There is research that has found that the use of PECS to teach communication functions that serve the same need as challenging behavior can result in a decrease of the challenging behavior.  Essentially, if I am hitting someone to access something to drink or a favorite item based on a functional behavior assessment, and you teach me to independently request those items that I need or want, the communication strategy can replace the challenging behavior.  

This is a simple example and it is often more complex, but there is significant research that indicates that individuals (with and without autism) have fewer problem behaviors when they are better communicators. You can find more research specifically on PECS and behavior here.

The Picture Exchange Communication System provides a form of functional communication. It can be used for Functional Communication Training as I talk about it in this post. Functional Communication Training (FCT) has been effective in reducing challenging behavior through teaching replacement skills like communication skills that serve the same function.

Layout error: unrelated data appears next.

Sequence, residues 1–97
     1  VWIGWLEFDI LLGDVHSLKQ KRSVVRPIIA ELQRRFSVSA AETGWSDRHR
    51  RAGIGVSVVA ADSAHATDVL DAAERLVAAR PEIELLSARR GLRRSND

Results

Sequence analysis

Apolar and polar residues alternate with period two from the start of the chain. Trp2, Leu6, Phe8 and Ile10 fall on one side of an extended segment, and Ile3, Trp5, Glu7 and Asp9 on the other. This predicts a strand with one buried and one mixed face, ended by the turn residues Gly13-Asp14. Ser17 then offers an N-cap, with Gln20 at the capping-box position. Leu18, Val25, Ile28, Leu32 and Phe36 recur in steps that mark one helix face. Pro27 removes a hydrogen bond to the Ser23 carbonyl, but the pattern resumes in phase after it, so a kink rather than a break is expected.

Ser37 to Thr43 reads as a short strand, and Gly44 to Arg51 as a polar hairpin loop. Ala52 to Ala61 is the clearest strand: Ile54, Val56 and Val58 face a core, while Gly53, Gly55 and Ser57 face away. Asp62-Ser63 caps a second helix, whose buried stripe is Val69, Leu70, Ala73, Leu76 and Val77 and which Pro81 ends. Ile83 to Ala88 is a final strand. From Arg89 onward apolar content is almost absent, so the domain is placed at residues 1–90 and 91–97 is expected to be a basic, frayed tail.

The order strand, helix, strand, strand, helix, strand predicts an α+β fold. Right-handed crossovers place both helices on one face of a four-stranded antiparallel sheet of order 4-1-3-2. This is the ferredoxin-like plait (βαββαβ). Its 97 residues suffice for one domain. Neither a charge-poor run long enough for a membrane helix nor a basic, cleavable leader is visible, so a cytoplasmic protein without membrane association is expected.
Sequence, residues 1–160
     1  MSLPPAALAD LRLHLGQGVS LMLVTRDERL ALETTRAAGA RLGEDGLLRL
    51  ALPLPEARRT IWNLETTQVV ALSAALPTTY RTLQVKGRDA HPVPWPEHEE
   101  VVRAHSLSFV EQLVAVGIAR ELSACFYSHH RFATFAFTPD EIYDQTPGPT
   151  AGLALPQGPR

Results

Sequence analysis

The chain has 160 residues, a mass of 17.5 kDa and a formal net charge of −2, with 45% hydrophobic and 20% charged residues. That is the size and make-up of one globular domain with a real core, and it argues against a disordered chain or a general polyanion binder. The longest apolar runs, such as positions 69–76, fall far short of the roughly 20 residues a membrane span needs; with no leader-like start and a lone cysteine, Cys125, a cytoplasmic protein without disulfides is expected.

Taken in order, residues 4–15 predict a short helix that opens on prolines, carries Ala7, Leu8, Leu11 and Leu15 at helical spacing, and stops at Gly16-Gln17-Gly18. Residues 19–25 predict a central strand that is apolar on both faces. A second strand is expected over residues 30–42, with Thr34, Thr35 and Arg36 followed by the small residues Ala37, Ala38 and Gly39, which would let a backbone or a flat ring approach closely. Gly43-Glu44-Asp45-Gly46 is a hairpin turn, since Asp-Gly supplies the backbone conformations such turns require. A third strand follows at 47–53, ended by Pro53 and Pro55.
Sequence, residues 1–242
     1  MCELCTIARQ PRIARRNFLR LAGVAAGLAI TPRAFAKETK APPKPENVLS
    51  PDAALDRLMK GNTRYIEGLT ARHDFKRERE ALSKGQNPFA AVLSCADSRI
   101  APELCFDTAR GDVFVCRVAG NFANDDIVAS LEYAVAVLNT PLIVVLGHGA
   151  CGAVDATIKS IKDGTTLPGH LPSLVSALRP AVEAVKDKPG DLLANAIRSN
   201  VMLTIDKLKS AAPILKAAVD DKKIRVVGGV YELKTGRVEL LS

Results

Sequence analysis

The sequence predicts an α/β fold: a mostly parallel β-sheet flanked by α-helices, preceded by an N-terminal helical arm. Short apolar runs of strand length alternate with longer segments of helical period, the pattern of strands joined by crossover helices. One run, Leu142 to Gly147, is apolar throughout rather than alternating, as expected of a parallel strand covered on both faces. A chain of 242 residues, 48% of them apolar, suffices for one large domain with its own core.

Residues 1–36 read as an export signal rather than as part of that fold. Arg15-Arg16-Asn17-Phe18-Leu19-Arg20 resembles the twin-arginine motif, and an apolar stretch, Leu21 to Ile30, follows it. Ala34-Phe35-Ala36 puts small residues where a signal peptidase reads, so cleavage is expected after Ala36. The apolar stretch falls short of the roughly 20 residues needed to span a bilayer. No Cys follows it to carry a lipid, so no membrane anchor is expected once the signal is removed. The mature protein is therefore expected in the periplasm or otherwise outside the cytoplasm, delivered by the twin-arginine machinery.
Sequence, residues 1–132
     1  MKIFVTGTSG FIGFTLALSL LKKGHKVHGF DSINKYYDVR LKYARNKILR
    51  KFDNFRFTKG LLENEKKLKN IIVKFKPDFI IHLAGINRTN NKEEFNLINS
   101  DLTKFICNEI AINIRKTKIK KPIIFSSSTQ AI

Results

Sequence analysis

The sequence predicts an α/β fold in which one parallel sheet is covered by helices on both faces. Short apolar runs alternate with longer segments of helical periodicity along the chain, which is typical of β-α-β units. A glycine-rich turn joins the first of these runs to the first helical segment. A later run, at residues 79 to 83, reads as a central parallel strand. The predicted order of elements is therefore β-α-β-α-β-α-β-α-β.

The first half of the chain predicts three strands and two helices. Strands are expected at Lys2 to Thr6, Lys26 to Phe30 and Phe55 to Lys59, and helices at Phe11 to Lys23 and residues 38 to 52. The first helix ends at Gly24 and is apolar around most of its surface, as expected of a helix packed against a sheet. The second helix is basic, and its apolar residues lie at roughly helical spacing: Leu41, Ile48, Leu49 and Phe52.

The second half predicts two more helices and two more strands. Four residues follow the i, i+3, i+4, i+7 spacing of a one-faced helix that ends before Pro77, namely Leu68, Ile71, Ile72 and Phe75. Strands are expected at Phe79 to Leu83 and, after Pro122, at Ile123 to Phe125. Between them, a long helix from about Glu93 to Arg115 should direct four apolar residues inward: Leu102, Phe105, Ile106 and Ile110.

5.  PECS Can Encourage Speech

Many parents (and teachers) are afraid of any type of augmentative communication will inhibit individuals from developing speech.  We have no research that has found this to be true.  

We do have research that shows that PECS (and some other forms of AAC) can increase speech over time.  Some individuals naturally drop using PECS when they become more proficient because using their speech is much more efficient.  

For those who don’t, PECS builds in reinforcement protocols and strategies for encouraging and reinforcing speech specifically.  As such, learning to communicate makes it more likely that individuals will use speech; and if they don’t use speech proficiently, it gives them a functional way to communicate.

6.  It’s Highly Interpretable